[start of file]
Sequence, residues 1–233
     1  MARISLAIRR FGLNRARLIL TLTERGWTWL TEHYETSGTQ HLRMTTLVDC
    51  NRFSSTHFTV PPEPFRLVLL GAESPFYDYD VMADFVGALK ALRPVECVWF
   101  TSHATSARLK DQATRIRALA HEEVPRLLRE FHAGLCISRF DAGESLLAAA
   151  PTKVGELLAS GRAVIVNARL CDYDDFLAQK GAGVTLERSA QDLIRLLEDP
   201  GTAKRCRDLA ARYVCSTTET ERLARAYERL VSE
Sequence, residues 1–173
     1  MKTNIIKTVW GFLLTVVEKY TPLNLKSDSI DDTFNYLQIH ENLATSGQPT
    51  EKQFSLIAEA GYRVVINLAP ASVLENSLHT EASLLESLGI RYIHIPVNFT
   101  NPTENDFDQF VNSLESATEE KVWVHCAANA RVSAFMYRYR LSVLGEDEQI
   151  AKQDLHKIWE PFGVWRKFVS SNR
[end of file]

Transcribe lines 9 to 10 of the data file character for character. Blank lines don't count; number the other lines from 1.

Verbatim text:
    51  EKQFSLIAEA GYRVVINLAP ASVLENSLHT EASLLESLGI RYIHIPVNFT
   101  NPTENDFDQF VNSLESATEE KVWVHCAANA RVSAFMYRYR LSVLGEDEQI